Last year, more than 2,500 people received donor lungs in the United States. Many more are in need: at the time of publication, more than 1,400 people sit on the official waiting list to receive new lungs. More than 100,000 are on the waiting list for an organ of some kind.
In the case of lungs, most of those donated will never reach a recipient. Transplant teams reject a whopping four out of five of them for simple reasons that have proved nearly-impossible to solve. A new approach, described today in a paper published in Nature Communications, might change that, leading to a greater abundance of viable lungs and more successful transplants.
Currently, the window for keeping donor lungs viable is only 24 hours at most. In that time, a series of medical professionals must harvest the lungs, bring them to the recipient, assess them, and transplant them. That’s complicated enough, but the lungs are extra-vulnerable to damage during parts of this process, and on their own they have no time or ability to repair. Lack of oxygen can make the tissue degrade, while exposure to stomach acids can corrode it.
Since transplants began in the 1960s, researchers have tried to figure out a way to prolong the amount of time an organ has outside the body. Beyond just keeping it oxygenated and alive, there is the possibility that access to even a damaged organ could allow doctors time to repair it so it becomes suitable for transplant. To date, however, many things have been tried and none have succeeded, says paper co-lead author Matthew Bacchetta, a surgeon and professor at Vanderbilt University Medical Center. “They haven’t really been able to address severe injury,” he says.
In this new paper, Bacchetta and colleagues demonstrate that they were able to buy more time for pig lungs damaged by stomach acids, allowing time for repair before transplant. They did it by hooking the lungs up to the pig they’d soon be inside—a process that Bacchetta said could be replicated in humans.
The researchers outfitted the recipient pig with a tube that drew blood and helped circulate it through the lungs, then back into the animal’s body. This provided the tissue with blood via the same arteries and veins it would circulate if the lung was inside of the pig’s body, instead of in a plastic tub beside it.
The problem transplant medicine has faced for decades is that “we can’t actually replicate the physiologic environment that the organ is exposed to [in the body],” says Bacchetta. Hooking the organ up to a functioning body is the next best thing. The blood that circulates through the transplant lung is fresher than donor blood, because it’s still being filtered by living organs.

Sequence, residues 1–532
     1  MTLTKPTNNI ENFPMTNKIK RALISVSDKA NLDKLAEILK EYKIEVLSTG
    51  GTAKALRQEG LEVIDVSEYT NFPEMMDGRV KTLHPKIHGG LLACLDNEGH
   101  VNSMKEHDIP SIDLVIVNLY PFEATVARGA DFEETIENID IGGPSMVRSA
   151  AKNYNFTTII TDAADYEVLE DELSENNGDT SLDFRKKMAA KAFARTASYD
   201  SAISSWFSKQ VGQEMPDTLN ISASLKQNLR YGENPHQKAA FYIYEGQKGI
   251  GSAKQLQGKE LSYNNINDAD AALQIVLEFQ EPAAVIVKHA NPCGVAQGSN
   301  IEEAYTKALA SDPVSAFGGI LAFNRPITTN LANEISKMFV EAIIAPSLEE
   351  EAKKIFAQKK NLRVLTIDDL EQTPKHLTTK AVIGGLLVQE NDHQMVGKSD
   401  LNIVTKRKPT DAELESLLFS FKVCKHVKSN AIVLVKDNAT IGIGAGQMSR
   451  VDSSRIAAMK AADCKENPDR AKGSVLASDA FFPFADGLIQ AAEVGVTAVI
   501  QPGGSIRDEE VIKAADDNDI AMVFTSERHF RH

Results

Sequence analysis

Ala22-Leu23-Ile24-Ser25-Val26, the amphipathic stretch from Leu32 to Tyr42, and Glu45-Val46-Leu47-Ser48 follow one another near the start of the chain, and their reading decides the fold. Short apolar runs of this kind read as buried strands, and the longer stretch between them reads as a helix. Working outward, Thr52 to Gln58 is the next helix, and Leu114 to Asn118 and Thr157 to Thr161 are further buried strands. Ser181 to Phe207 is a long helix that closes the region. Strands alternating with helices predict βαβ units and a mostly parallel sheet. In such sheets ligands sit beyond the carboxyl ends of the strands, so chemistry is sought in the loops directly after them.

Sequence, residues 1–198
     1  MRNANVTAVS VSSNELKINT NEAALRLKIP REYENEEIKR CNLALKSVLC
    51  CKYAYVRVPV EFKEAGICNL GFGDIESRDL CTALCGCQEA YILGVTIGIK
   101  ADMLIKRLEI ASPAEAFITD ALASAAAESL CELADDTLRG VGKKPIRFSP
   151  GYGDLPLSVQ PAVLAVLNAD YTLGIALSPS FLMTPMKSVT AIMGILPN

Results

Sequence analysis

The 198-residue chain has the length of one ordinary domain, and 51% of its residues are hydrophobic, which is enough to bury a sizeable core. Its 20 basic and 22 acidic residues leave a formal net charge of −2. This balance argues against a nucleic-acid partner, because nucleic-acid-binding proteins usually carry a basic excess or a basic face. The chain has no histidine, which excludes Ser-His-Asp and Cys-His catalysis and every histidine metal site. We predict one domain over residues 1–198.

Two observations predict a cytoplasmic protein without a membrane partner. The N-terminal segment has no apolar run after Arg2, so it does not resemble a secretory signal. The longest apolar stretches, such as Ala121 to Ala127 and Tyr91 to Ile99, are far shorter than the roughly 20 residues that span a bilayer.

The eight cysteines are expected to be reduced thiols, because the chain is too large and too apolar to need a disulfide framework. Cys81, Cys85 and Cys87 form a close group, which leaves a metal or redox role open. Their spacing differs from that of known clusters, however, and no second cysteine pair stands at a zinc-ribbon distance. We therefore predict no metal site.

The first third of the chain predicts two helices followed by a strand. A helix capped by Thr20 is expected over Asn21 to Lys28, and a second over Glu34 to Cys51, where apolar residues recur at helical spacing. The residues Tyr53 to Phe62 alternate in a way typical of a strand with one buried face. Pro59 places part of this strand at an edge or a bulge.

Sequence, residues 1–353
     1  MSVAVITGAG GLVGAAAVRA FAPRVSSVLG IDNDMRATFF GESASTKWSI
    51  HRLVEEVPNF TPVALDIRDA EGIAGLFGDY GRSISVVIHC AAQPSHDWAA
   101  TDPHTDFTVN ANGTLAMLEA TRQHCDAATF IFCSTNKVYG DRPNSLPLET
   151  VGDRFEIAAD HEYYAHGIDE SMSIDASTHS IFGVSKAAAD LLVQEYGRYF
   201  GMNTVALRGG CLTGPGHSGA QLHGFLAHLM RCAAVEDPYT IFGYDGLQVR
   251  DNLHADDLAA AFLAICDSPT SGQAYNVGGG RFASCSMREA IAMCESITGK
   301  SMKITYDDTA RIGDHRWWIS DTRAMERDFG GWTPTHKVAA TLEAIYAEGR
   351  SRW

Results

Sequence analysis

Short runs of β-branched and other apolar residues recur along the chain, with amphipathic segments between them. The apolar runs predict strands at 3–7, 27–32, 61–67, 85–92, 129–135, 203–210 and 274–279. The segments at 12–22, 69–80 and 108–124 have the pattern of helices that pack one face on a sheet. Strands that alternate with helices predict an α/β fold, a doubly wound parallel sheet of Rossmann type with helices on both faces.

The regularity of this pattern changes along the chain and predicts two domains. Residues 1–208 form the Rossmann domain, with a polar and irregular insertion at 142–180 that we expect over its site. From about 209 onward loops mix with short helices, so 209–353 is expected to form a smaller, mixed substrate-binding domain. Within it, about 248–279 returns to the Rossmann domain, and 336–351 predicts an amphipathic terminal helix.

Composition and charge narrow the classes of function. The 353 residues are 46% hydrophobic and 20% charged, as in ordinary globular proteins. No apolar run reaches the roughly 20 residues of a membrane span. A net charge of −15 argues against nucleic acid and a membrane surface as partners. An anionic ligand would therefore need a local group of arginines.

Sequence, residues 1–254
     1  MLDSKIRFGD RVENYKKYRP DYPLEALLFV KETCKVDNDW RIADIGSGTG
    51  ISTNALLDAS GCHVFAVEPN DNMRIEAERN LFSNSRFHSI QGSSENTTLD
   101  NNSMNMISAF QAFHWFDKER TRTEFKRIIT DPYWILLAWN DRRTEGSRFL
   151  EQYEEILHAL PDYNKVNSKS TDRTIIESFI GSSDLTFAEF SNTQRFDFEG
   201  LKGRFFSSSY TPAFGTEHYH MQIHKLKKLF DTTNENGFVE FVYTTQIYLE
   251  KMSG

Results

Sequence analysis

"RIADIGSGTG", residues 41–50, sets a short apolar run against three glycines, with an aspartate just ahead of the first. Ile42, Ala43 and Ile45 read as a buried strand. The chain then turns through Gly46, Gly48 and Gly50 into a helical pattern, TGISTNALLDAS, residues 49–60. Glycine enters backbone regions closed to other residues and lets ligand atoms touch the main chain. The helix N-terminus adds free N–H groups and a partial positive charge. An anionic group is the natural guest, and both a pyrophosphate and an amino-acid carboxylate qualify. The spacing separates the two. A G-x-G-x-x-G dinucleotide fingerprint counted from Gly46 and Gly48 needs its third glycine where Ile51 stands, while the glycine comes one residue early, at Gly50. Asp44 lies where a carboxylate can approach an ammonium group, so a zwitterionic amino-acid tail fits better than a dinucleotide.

That connection allowed cells to regenerate just as they would inside a body, as well as allowing the lungs to respond to treatments (such as one that washed away the caustic stomach fluid). The researchers found that after just 18 hours, inflammation had gone down and the lungs had begun to heal. After 36 hours, the lungs were viable for transplant.
“Current systems, they measure time of support in hours,” Bacchetta says. “We’ve managed to change that to days.”
There’s still a ways to go, but it’s a promising change in a field that has tried a lot of things to prolong the life of transplant organs with limited success. “I don’t think it’s realistic to say, ‘okay, we’re going to save all the lungs,’” says co-lead author Gordana Vunjak-Novakovic, a Columbia University biomedical engineer. But if they could change that one-in-five rate to even two- or three-in-five, she says, it would mean a huge difference in the number of people who can receive life-saving lung transplants.
And it’s not just lung transplants, says Bacchetta: this technique might be applicable to other kinds of organs as well. First, though, the team plans to see how lungs respond after transplant and how safe their method is.
“A project of this complexity couldn’t have been accomplished even five years ago,” says Vunjak-Novakovic. It still wouldn’t have been possible without their interdisciplinary team, she says, which included everything from bioengineers like her to disease specialists.
The method is far from fit for human trials, but it’s promising that the technique worked in pigs—a large animal with physiology relatively similar to our own. However, compared to current options, “it’s a lot less practical in the sense that you have to keep the organ connected to the person for several days,” says Marcelo Cypel, a surgeon and lung expert at the University of Toronto who was not involved with the study. We don’t know yet if your body might someday help nourish its own pre-transplant lung, or even a different organ—but for the thousands on donor lists, this study represents a new hope.